Serling and Wilson very deliberately set out to write a subversive script that challenged some widely held assumptions of the day. Amazingly, the concept of speciesism - the notion of or belief in the superiority of one species over all others (in this case, apes) - came under intense assault in Planet of the Apes. I remain convinced this film was actually a thinly veiled attack on human speciesism.
Despite their backwardness and arrogance, the apes in Planet of the Apes despise human beings for very good reasons. At one point in the film, Cornelius reads from the ancient, sacred ape scriptures:
Beware the beast Man, for he is the Devil's pawn. Alone among God's primates, he kills for sport or lust or greed. Yea, he will murder his brother to possess his brother's land. Let him not breed in great numbers, for he will make a desert of his home and yours. Shun him; drive him back into his jungle lair, for he is the harbinger of death.
Throughout Planet of the Apes, the "wise" orangutan leaders harbor a deep distrust of the chimpanzee intellectuals, who are the gentlest and most thoughtful and inquisitive of the apes. At one point, Dr. Zaius warns Zira that her faith in science puts her in danger of being judged as subversive. Zaius tells Zira:
Dr. Zira, I must caution you. Experimental brain surgery on these creatures is one thing, and I'm all in favor of it. But your behavior studies are another matter. To suggest that we can learn anything about the simian nature from a study of man is sheer nonsense. Why, man is a nuisance. He eats up his food supply in the forest, then migrates to our green belts and ravages our crops. The sooner he is exterminated, the better. It's a question of simian survival.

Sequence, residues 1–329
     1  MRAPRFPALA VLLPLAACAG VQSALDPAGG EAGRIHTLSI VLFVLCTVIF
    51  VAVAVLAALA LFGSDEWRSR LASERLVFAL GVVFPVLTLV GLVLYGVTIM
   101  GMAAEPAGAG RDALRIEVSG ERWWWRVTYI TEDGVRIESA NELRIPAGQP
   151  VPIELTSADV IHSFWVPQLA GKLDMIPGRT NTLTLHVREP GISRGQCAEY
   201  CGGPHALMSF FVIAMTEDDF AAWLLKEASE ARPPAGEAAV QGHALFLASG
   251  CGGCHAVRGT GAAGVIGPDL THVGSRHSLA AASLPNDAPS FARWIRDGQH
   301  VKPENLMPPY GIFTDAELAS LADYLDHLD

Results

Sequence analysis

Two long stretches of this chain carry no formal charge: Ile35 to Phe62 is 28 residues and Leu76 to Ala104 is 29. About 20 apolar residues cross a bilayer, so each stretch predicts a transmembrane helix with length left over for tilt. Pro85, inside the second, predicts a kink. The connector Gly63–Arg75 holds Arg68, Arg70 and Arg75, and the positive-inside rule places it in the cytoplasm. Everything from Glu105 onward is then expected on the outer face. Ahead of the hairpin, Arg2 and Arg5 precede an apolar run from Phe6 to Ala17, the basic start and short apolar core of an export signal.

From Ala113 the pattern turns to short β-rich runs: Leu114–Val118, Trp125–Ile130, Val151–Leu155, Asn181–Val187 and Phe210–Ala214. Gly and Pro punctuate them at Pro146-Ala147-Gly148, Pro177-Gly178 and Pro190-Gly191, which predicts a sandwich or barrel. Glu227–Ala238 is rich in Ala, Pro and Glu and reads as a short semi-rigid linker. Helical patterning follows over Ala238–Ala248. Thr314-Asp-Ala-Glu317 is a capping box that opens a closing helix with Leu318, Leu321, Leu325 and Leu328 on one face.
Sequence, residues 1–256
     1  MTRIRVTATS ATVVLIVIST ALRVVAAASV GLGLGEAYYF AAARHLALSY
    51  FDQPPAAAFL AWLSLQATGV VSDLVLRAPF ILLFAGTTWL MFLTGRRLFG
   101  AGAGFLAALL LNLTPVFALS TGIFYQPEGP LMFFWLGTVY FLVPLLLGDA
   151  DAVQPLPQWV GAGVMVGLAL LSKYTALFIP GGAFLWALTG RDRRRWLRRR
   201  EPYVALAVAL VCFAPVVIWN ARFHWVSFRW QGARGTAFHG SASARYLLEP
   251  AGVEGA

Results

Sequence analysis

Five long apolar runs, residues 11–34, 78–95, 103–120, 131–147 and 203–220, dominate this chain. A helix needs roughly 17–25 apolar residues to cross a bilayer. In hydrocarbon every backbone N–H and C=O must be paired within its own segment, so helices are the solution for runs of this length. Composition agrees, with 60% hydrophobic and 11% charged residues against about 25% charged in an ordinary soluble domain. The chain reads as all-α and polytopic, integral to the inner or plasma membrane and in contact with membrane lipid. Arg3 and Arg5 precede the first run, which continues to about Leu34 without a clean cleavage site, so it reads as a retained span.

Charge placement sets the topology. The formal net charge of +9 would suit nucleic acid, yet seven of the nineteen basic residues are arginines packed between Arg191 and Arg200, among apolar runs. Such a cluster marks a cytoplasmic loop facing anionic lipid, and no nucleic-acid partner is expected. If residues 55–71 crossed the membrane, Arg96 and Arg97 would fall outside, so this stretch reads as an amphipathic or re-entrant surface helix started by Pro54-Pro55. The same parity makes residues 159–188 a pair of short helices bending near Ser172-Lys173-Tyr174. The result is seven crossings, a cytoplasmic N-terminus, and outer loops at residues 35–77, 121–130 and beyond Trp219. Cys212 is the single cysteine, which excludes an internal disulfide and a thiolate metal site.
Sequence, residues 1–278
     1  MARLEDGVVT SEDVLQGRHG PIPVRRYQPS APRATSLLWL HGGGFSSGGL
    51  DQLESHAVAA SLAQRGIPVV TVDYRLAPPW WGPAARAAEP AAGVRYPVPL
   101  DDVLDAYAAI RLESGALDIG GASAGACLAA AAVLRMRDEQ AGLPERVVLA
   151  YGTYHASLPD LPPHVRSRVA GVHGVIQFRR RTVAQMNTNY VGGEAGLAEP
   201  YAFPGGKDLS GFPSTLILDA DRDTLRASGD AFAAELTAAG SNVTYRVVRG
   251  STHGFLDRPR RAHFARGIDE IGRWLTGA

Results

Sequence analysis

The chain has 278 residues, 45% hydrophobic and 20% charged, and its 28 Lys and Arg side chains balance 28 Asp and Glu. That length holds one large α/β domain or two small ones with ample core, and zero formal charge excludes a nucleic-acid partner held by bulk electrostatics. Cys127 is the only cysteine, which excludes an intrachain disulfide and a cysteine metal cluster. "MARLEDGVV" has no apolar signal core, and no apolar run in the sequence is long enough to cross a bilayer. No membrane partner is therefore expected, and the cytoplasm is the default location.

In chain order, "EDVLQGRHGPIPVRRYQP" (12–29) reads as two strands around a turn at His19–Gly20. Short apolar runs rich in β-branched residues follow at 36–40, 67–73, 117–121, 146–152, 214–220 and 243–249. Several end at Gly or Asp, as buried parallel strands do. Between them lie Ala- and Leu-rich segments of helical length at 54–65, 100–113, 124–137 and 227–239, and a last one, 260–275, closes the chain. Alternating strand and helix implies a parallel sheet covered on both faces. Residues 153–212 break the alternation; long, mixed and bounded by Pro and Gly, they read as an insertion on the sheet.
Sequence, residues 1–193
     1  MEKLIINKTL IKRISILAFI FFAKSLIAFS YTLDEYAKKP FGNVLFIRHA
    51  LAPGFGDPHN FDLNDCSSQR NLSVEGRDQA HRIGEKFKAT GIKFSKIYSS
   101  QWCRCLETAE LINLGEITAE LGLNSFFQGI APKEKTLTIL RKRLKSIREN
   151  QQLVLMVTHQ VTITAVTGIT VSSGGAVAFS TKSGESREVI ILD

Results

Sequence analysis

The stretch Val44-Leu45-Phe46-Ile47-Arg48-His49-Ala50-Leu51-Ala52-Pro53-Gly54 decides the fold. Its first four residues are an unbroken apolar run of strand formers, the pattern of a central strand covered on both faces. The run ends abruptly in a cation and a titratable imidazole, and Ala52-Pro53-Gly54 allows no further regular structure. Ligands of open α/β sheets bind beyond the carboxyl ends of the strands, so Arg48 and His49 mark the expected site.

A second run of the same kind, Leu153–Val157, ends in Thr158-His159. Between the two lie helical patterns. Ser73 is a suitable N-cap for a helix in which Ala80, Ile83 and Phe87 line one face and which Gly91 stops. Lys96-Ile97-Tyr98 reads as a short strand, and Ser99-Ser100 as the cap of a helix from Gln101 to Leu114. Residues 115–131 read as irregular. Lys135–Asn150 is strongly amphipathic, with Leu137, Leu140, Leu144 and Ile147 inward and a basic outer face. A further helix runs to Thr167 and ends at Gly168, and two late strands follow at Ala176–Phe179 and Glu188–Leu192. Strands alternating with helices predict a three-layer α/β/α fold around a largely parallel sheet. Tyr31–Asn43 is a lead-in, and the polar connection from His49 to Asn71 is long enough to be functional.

And to Cornelius, Zaius cautions:
Ah, yes - the young ape with a shovel. I hear you're planning another archeological expedition. Cornelius, a friendly word of warning - as you dig for artifacts, be sure you don't bury your reputation.
Zaius is the voice of conservatism in this ape civilization. He is a brilliant simian, a sort of Grand Inquisitor, who fully understands the past and knows that certain truths have to be kept a secret to keep ape civilization intact. Before Taylor wanders off into the Forbidden Zone with Nova, he turns with his firearm to Zaius and the following exchange occurs:
Taylor: Don't try to follow me. I'm pretty handy with this.
Zaius: Of that I'm sure. All my life I've awaited your coming and dreaded it.
All along, Zaius knew something that naive Zira and Cornelius did not: Human beings lacked humanity and destroyed themselves. To prevent the calamity from occurring again, the apes brutally repressed the wild humans in their midst. But Zaius understood, more than any other character in the film, that this repression was a necessary evil.
Planet of the Apes showed the gorilla soldiers handling human beings like animals. And yet, as awful as human beings are treated in this film - trapped in nets, thrown into cages, occasionally beaten or shot - they are not murdered en masse the way that human beings destroy animals. Repressive as the apes in Planet of the Apes were, there was a method to their madness, and a decency completely lacking in human beings.
Planet of the Apes may have been the most radical film to ever have come out of Hollywood. This should come as no surprise. Earlier in the decade, Rod Serling - eager to keep finding work as a writer at a time when Cold War attitudes were still strong in America - disguised social critique in the form of science fiction in The Twilight Zone. In adapting Planet of the Apes to the screen, Rod Serling and Michael Wilson wrote a profound and deeply pessimistic tale about the human race that remains as relevant and powerful in today's world as it was 43 years ago.
(Left: Dr. Zaius, who understood the evil of human beings more than any other character in Planet of the Apes.)